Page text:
This project would have been ideal for utilizing extreme programming methodologies. Since we were never confident in the requirements, we implemented the simplest solution first. However, we never went back through and cleaned up the code when significant changes were completed. Had we done that, as extreme methods recommend, moving forward would have been much easier.

Since we didn't do what we were supposed to, release cycles were always difficult. It would take us four or five days to get all the components fully integrated and operational in our deployment environment. The system would have been much more robust if we had utilized another key component of extreme programming: unit and integration tests on a daily basis.

Ultimately, we did not have any plan to achieve rapid development, and so we hit a number of unnecessary speed bumps along our way. rapid development doesn't just happen. You need to utilize proven approaches to enable the project to run as smoothly as possible.

Inadequate Design

At the beginning of the project we had a high-level project plan that basically said, "Coding--four months". The technical leadership knew this was not a good idea, but we were under so much pressure from our client that we disillusioned ourselves into believing that we could operate in code-and-fix mode and get away with it.

In the first week, we had our database design somewhat stabilized and a storyboard laid out for our application. Then we started coding. Because we were developing a prototype and trying to get something out within a month, all other planning and design was thrown to the wind. As soon as we were done with one set of functionality, we started the next.

Operating in this mode was fine for the first month or two, but as we began to increase the functionality of our prototype for the next release, our lack of overall design began to bite us on the heels. We cleaned up the code in places but never implemented the three-tier architecture that we should have. In our desire to keep the boat moving along and keep our customer happy, we didn't think we had time.

As it turns out, our progress was slowed by not taking the time to maintain cohesive, robust code and make the general design changes. Late in the project, we needed to make a significant architecture change to the database. This change would have affected over 50 queries, so instead of being intrusive, we created a work around. This change would not have been as annoying had we implemented a middle tier in our overall architecture. Again, this is something we knew we should have done, but didn't.

Noisy, Crowded Offices

Though some people find working with 12 other people in a cubicle a romantic and novel dot-comish experience--it's not. The final pitfall we fell into dealt with office space. Most high quality software development takes a lot of focused effort from each member of the team. It is hard to get the focus needed when there are many people working on independent activities in the same room. One of the rooms we used had five developers and three servers in it. This office was ventilated for only one person, so it got very warm, especially on summer afternoons when sunlight came directly in the windows. The developers who worked in that office threatened to strike in the middle of the project, unless we did something to cool the room off. (Not really, of course, but they were pretty miserable.) Though it is hard to measure, this environment takes its toll on anyone's productivity.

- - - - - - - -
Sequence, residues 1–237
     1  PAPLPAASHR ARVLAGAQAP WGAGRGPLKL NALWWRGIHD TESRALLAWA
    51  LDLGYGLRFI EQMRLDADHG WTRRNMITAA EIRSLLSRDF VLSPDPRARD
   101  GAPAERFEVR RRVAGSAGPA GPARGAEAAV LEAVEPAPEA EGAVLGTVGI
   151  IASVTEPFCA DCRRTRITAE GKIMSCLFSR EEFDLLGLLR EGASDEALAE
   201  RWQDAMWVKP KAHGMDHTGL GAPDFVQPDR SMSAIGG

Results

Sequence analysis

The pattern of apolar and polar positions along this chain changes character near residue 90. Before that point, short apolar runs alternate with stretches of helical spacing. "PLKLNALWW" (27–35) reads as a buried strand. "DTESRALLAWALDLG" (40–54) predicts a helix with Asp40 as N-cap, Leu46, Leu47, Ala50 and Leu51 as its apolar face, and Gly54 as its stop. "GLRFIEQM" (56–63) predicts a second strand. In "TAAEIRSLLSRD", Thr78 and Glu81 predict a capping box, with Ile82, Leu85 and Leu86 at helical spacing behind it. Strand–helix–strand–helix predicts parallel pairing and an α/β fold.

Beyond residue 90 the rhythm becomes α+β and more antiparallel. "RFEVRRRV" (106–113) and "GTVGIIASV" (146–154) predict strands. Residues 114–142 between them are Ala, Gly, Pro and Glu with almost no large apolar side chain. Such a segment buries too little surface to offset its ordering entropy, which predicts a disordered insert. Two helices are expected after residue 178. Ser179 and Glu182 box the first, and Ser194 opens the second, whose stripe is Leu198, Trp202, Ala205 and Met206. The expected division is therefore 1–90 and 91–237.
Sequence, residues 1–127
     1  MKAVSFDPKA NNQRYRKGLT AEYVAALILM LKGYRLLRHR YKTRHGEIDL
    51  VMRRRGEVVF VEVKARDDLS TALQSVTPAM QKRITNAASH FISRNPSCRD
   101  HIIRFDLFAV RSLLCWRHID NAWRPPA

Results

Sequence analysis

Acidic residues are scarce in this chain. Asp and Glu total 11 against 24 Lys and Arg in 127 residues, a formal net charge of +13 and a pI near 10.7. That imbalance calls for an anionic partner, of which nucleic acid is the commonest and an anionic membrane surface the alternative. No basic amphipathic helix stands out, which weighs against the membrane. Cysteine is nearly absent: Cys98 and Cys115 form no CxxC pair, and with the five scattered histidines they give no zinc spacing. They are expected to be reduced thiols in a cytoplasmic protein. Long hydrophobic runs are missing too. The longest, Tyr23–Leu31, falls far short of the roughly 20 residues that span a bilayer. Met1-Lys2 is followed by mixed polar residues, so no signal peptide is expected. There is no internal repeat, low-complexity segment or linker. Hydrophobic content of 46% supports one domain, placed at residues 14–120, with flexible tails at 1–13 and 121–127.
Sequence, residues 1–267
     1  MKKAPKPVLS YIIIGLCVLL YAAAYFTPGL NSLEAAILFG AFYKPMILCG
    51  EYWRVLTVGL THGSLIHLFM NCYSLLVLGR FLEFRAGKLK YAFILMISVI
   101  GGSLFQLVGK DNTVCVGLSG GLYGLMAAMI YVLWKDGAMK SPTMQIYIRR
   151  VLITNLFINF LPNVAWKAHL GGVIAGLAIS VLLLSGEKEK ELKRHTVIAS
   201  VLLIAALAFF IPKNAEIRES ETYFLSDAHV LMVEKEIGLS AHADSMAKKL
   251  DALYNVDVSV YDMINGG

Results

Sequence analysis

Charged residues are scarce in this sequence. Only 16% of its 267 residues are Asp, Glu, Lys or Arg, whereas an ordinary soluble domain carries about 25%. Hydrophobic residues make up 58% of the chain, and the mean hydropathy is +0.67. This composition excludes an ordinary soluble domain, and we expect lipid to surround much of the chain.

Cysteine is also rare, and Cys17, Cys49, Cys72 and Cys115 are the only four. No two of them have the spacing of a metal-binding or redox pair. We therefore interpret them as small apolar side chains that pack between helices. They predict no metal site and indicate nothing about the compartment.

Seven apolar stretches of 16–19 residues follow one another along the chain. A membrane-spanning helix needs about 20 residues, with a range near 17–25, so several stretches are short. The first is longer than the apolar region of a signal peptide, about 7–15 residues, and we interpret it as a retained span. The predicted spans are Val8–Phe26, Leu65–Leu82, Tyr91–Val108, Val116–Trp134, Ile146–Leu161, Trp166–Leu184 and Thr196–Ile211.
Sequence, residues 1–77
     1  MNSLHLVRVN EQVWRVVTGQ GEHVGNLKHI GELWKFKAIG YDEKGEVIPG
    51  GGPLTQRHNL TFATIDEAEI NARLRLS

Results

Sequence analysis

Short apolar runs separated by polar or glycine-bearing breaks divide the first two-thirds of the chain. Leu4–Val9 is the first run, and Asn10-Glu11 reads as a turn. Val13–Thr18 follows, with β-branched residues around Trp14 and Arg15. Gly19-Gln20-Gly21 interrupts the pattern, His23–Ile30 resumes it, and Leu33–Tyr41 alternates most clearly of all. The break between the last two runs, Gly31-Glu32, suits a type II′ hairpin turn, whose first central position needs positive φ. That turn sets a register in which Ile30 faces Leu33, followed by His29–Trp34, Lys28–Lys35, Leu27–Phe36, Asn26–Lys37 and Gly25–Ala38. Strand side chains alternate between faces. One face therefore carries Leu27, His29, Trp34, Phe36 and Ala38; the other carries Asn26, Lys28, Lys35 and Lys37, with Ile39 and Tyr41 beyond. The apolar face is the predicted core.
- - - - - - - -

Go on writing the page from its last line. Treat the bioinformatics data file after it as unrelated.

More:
There were many other pitfalls we fell into, such as "planning to catch up later", "code-like-hell programming" and having "unrealistic expectations". We got caught in these traps because we had an inadequate design, poor planning and a lack of user input. Stumbling into one pitfall is like falling into quicksand--other problems emerge and make it very hard to get out of the quagmire.

Only highly professional people can work on a rapid development project and make it run smoothly. These professionals will be more apt to produce quality software in a shorter period of time, especially if they stay rested and motivated. They will also be inclined to follow a standard process: plan aspects of development, get user input and design a solid solution. By avoiding these good practices, we fell into a few potholes, but hopefully we have learned our lesson.

To really produce in rapid development mode, the whole organization must be able to respond quickly to changing needs. The purchasing department must realize that this project is different, and needs special attention so that it doesn't have to wait a month for new equipment. The people on the project need to be highly motivated and extremely competent. The customers should be dedicated to the project and, when needed, be able to give the project their full attention. If this environment is not in place, you may be running your train at full throttle, but there is oil on the tracks, and you will be spinning your wheels.